The Unemployed Workmen’s Bill.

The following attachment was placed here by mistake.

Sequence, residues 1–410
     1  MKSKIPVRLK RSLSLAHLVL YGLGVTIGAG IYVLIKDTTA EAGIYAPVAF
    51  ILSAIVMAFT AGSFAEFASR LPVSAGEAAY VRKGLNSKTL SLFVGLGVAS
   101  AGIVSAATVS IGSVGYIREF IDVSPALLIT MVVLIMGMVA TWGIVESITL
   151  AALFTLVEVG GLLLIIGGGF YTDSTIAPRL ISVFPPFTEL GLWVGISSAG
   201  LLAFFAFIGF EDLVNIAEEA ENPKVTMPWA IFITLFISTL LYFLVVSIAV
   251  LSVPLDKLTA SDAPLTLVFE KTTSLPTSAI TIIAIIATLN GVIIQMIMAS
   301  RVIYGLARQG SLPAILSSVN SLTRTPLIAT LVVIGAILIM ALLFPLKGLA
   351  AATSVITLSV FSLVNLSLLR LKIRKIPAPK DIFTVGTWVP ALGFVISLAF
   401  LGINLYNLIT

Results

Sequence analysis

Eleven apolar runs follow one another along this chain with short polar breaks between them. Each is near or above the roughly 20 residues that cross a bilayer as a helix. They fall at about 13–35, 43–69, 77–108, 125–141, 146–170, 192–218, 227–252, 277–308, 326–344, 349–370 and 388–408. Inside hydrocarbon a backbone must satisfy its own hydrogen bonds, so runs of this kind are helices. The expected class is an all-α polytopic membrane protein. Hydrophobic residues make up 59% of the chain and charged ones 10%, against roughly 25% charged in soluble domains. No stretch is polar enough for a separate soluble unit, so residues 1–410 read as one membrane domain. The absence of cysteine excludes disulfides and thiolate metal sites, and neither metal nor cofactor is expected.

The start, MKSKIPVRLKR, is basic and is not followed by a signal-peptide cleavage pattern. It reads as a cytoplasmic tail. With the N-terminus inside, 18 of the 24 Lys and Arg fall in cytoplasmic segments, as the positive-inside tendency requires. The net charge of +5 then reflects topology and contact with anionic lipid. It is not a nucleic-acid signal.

If the House of Cecil cannot point to a recent record of a wise constructive policy, at least it can pride itself on its destructive capabilities During Friday’s discussion on the Unemployed Bill, Mr. Gerald Balfour moved to strike out of one clause the words sanctioning the use of rates for the payment of labour carried on by the unemployed in farm colonies. Keir Hardie protested against the change to be made in the Labour Bill as illogical, and remarked, “if Parliament realised how charity stank in the nostrils of the working classes, it would not assent to such an amendment.” Lord Hugh Cecil and the Prime Minister then spoke in support of the amendment, which, in spite of Keir Hardie’s statement that a penny rate in the pound would cover the expenses of wages, and Will Crooks’ argument that in a short time these farm colonies would be self-supporting, was carried by 182 against 108. I hope the workers won’t forget how Lord Hugh Cecil stated in Parliament that the payment of labour out of public money would be demoralising; and that the professional unemployed would then be as common as the professional writer of begging letters. Neither must the working woman forget that Keir Hardie moved “that the word workman should include workwomen, any law or usage to the contrary notwithstanding.” The women’s industrial and political champion was assured that the word workman did include workwoman; so when the farm colonies are established I hop, unemployed workwomen will not be backward in their demands for work.